The eye which is healing will need time to focus properly in line with the other eye, even more so if you are suffering from a cataract in the other eye. Driving will be individual to each case, so ask your surgeon when they think it will be suitable for you to get back behind the wheel. You should have an appointment two weeks after surgery, and then meet your optometrist four weeks after that to discuss your new glasses.
Frequently Asked Questions
If you choose to have your surgery with us, you will receive all the answers to any questions you have directly from our team. We are always on hand to help allay any concerns patients may have before, during or after surgery. Here are a few answers to some of the more common questions we hear.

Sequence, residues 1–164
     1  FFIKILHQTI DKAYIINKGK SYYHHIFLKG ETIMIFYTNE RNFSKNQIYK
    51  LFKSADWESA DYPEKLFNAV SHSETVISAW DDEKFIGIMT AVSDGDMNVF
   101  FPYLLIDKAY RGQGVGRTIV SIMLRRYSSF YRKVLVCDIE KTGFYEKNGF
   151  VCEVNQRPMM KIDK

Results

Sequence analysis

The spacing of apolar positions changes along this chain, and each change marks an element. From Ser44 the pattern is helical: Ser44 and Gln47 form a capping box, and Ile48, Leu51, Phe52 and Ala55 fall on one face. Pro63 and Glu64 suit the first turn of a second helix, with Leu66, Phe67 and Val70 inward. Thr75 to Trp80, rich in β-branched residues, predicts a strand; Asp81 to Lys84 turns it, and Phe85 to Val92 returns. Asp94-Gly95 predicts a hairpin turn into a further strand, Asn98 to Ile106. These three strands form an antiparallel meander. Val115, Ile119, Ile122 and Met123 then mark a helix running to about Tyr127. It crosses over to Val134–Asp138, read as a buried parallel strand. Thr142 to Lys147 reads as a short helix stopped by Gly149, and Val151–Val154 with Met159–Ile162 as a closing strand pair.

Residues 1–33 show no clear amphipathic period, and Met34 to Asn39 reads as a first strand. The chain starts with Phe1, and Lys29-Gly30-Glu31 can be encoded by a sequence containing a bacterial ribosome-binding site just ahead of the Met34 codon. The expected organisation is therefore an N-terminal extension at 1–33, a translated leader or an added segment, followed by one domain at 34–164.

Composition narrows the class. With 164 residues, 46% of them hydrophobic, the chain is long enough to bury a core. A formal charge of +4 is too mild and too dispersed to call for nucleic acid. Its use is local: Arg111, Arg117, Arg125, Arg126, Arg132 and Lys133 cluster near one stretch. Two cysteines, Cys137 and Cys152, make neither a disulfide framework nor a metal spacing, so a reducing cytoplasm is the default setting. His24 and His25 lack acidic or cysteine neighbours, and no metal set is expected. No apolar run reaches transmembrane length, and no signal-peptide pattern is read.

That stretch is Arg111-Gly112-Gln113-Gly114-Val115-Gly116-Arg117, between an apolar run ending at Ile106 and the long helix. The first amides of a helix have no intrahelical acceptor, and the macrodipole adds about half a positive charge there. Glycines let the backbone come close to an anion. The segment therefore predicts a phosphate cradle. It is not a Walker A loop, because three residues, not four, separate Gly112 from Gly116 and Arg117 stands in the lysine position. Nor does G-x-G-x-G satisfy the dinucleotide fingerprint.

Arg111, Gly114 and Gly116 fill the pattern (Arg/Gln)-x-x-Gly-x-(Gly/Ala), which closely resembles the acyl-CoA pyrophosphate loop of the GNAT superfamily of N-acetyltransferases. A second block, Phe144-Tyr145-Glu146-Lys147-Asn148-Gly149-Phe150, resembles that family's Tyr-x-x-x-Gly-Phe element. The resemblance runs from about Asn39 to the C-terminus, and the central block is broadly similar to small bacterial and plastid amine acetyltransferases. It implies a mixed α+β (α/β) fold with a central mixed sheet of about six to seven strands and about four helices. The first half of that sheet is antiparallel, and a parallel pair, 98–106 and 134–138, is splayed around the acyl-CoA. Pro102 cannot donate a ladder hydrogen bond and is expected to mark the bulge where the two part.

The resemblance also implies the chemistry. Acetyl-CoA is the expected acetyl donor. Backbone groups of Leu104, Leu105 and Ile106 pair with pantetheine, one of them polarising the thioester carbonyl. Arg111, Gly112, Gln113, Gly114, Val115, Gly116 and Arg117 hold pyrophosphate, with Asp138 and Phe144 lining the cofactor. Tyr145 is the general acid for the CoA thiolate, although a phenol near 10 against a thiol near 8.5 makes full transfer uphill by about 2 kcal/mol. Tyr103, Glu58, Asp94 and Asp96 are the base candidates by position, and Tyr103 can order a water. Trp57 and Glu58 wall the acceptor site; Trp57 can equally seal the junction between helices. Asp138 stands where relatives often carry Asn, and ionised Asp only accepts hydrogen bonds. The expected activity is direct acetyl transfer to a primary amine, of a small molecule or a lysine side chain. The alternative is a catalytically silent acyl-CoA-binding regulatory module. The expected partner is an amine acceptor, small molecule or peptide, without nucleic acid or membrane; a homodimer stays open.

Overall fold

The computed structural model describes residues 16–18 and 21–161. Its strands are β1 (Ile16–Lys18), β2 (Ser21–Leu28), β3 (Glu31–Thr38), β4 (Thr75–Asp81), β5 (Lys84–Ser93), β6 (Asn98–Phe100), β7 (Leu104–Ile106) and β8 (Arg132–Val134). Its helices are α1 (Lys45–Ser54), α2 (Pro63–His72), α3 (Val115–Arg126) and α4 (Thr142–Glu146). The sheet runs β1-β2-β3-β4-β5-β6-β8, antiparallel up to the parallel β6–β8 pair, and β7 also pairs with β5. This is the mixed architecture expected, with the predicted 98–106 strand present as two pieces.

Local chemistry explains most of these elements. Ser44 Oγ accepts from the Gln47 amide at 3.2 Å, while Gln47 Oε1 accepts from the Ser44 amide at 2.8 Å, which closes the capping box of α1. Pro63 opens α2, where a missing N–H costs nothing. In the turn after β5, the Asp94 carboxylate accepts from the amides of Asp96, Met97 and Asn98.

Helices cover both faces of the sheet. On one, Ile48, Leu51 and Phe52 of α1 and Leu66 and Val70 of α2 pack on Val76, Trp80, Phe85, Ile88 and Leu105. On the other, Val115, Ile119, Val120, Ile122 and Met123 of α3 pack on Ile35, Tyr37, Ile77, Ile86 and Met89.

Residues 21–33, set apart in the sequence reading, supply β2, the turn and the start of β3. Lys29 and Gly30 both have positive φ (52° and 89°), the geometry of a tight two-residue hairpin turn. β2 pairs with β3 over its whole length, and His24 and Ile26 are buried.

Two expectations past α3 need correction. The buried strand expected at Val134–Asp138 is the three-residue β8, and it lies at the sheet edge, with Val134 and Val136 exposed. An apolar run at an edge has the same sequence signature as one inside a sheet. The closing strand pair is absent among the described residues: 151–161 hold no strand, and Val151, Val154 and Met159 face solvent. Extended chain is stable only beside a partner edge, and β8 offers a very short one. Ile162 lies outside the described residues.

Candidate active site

Risks with these surgeries are low, and David Anderson has performed many thousands of operations with great results throughout. However, this is ultimately a surgical procedure and there is a very small risk of complication. This can include infection, macular oedema, floaters or very rarely retinal detachment. If you are anxious about potential complications, please call us and we will help alleviate any concerns you have.
The IOL implants are usually left in place for life, they are biologically inert and are made from acrylic polymers.
Yes, you can choose a monofocal or multifocal lens. The former will offer optimisation for driving and watching television but may require you to still wear reading glasses. Multifocal minimise the need for spectacles, however can offer unwanted effects from light scatter – although this is minor.
You can fly on the day of surgery but it is advisable to remain local to the hospital for the first few weeks after surgery. This means, however unlikely, we can deal with any problems you encounter.
If you want to talk through your options for cataract surgery or discuss any elements of the procedure further, use our contact form here or call us on 02380 258421.
Nb we have lots of printed information as well as explanatory animations to supplement our consultations